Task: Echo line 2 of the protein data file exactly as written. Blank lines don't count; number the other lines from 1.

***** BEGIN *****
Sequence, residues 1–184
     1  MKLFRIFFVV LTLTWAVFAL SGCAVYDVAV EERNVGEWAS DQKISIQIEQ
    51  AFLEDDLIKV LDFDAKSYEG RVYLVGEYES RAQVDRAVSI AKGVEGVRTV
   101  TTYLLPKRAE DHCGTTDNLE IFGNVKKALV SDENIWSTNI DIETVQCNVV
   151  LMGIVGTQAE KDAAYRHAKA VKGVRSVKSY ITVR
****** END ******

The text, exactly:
     1  MKLFRIFFVV LTLTWAVFAL SGCAVYDVAV EERNVGEWAS DQKISIQIEQ